Never Use Ginger If You Have Any Of These Conditions – It Can Cause Serious Health Problems

Never Use Ginger If You Have Any Of These Conditions – It Can Cause Serious Health Problems

Ginger is a flowering plant, native to China, and it is considered to be one of the healthiest herbs on the planet. Its scientific name is Zingiber officinal and is a member of the family Zingiberaceae.

It is a flowering plant loaded with nutrients and bioactive compounds that hold incredible benefits for your physical and mental health. The rhizome of the plant is the root that is typically used in cooking and medicine.

Ginger root is an anti-inflammatory, antioxidant, and digestive superfood. The spice is recommended as a natural medicine for many physical ailments due to its nutrients and health-supporting phytochemicals.

However, there are situations in which ginger is a less-than-optimal supplement to your diet and can exacerbate an already existing problem.

Here are some of the situations in which ginger should be avoided:

1.Blood disorders

Ginger stimulates blood circulation, which is important for most people, particularly those who suffer from peripheral artery disease, diabetes, obesity or Raynaud’s disease.

Hemophilia is a rare genetic disorder in which the ability of blood to clot is severely reduced, meaning the sufferer could bleed severely from a minuscule injury.

Not only can the plant nullify the effects of life-saving medication, but also the overstimulation of blood circulation in hemophiliacs can lead to severe and sometimes deadly hemorrhaging.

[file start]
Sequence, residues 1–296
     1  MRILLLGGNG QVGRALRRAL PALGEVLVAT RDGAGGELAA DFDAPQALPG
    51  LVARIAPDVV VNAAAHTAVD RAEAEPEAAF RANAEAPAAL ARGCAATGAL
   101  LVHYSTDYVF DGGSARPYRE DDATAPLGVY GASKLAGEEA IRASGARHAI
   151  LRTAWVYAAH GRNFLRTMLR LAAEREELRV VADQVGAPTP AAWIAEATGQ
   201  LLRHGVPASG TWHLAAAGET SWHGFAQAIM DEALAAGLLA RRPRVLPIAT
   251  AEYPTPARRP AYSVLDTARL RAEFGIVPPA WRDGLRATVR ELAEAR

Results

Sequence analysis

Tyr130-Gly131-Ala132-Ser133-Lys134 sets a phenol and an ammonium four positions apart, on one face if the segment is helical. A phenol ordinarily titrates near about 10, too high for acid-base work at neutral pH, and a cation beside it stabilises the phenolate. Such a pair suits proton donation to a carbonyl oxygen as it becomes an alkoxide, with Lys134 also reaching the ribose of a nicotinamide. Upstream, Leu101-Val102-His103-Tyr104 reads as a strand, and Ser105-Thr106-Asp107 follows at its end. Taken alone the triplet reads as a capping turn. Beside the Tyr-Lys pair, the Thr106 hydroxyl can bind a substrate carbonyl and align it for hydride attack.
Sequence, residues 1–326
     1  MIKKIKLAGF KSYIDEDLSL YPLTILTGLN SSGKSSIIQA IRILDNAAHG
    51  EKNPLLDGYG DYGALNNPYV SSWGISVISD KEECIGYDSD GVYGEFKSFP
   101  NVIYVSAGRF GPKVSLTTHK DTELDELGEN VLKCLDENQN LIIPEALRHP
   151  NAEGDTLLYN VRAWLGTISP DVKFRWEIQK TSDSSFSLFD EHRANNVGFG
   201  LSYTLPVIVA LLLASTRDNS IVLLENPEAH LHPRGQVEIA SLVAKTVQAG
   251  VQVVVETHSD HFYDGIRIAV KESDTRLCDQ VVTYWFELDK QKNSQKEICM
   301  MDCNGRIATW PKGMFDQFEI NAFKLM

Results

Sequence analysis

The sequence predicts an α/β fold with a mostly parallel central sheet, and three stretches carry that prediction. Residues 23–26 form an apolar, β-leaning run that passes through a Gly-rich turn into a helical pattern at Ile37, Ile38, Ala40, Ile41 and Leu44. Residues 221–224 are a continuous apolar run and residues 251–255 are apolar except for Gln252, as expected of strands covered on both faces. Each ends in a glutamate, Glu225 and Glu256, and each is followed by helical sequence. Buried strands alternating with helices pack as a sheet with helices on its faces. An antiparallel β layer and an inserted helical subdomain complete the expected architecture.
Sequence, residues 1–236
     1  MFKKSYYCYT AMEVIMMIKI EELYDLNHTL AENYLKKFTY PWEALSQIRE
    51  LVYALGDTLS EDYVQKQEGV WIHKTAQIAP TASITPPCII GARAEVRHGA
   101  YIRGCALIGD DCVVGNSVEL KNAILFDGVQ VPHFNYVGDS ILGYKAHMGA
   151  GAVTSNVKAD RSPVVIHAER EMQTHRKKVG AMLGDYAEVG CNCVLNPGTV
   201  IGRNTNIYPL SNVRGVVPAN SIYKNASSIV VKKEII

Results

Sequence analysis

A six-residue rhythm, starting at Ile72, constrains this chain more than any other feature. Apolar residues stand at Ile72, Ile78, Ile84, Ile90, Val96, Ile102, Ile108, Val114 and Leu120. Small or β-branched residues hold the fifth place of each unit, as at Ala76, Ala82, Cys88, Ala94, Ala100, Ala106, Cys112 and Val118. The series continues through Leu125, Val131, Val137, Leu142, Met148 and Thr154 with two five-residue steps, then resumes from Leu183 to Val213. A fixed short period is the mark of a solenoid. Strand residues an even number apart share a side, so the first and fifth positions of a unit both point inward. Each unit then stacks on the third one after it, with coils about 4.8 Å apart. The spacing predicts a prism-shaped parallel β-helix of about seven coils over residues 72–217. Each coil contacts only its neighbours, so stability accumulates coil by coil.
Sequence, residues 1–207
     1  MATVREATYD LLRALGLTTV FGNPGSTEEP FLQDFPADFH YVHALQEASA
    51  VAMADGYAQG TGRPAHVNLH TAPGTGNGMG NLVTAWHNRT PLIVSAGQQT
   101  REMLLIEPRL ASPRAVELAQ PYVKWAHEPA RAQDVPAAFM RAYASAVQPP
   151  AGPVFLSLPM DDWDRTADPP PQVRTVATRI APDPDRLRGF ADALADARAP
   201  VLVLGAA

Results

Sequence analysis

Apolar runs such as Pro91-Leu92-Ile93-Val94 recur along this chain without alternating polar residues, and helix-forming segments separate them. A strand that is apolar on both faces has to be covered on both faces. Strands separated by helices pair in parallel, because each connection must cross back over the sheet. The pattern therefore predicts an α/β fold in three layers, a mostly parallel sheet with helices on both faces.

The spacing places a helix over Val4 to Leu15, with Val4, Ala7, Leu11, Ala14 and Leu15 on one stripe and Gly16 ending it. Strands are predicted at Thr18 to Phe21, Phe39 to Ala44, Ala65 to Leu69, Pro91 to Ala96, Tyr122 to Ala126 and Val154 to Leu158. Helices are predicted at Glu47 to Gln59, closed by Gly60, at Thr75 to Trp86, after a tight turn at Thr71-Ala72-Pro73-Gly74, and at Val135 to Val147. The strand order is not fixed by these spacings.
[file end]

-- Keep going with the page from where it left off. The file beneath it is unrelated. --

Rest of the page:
2.Taking prescription medications

People who take medications for high blood pressure or diabetes belong to the special risk group as ginger can change their effects on the body.

The combinations of ginger with anticoagulants, beta-blockers or insulin drugs can be extremely harmful. Namely, ginger stimulates blood thinning and reduces blood pressure, and these properties lower the effects of these medications.

3.Pregnancy

Ginger tea in early pregnancy has been found to relieve nausea and vomiting. After the first trimester, however, ginger root should be taken infrequently in very small doses (if at all) because it can induce uterine contractions. This, in turn, may result in premature delivery or miscarriage.

On the other hand, it can be useful when your delivery date has passed and you’re ready to meet your little one face to face.

4.Being underweight

In case you need to gain some weight, you should not consume ginger nor take ginger based supplements as this root is high in fibers and raises the pH of the stomach and stimulates digestive enzymes.

Therefore, it leads to fat burning and lowers the cravings for food, and might lead to weight loss, menstrual irregularities, hair loss, and poor muscle mass.

Ginger substitutes

If you find yourself in one of these categories, there are other spices you can use for flavor and/or medicinal properties. There are many alternatives that nutritionists recommend such as cayenne pepper, red paprika, and sweet peppers. They can be added to dishes and beverages to add that kick of spice to your taste buds. Plus, one of the antioxidant phytonutrients in paprika is capsaicin, an anti-inflammatory agent known for healing the digestive system.

Also, you may try cardamom, with its rich savory flavor, nutrition, and supportive effects. Cardamom neutralizes acid, aids digestion, and tastes great in coffee.

 

Via:

theheartysoul.com

ncbi.nlm.nih.gov

ncbi.nlm.nih.gov

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